the geography of the wild soul

All it took was one certain corner. One moment of going a different way instead of just home. And there was the little forest.

It had been planted on purpose, and as I walked through I felt the sense of belonging-to, of human ownership, which claimed each tree's existence. And yet, deeper still, there was the peace of the wild things.

An essential freedom.

Never mind who planted them; they are themselves.

It is not my forest. And I can only go there at particular times, when the property is opened. (Next door is a public forest, darker, random, for when I want foresting. But it is so different in tenor from this little one.) Despite the restriction, something in me connected with something amongst the trees, an old and silent song which we translate prosaically as home.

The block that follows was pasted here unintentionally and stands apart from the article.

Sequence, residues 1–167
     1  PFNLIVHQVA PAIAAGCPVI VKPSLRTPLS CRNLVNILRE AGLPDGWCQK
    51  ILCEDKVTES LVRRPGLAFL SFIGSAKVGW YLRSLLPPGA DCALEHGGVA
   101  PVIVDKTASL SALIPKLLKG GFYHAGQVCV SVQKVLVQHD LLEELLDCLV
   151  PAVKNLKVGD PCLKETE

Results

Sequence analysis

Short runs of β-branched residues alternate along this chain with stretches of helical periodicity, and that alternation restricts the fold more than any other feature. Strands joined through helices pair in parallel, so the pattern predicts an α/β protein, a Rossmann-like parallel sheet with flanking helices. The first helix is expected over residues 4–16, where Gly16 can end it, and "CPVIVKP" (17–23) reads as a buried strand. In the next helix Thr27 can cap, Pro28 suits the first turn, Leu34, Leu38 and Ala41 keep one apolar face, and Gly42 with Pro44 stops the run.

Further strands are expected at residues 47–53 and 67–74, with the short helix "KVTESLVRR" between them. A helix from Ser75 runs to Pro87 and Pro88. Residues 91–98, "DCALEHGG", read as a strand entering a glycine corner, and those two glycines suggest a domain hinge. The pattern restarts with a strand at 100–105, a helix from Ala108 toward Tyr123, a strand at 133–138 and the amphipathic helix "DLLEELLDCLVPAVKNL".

A little while ago, I found a suggestion by Sylvia Linsteadt of earth constellations. Ever since, I've been holding it in my hands, along with other foraged things - small treeflower thoughts, memories of cobwebs, old ideas drawn out of dark pools of other evenings - as I think on the notion of geography. I've been wondering about the heartlines which weave me into the place of my birth, and the place I am now, and how I may see my destinies in wild flowers amongst the dry, tenacious ferns, and stretchmarks on water, and unexpected little forests.

And I've been thinking too about how we can ever hope find ourselves in places that are so much concrete, and glass, and traffic. But I've come to no conclusions, only sorrows.

The Peace of Wild Things by Wendell Berry
A couple more pictures of the little forest

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